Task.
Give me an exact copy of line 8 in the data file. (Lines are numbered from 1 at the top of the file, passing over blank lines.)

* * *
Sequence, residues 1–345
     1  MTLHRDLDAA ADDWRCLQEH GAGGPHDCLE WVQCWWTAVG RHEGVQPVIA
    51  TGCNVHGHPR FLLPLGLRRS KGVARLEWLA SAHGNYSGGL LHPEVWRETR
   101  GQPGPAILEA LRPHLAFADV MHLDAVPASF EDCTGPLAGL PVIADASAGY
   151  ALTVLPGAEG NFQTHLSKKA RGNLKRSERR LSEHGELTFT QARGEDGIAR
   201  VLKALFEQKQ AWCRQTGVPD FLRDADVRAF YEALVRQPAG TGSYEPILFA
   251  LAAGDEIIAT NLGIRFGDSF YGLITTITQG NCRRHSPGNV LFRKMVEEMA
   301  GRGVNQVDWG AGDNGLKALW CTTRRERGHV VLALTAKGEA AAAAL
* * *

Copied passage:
   301  GRGVNQVDWG AGDNGLKALW CTTRRERGHV VLALTAKGEA AAAAL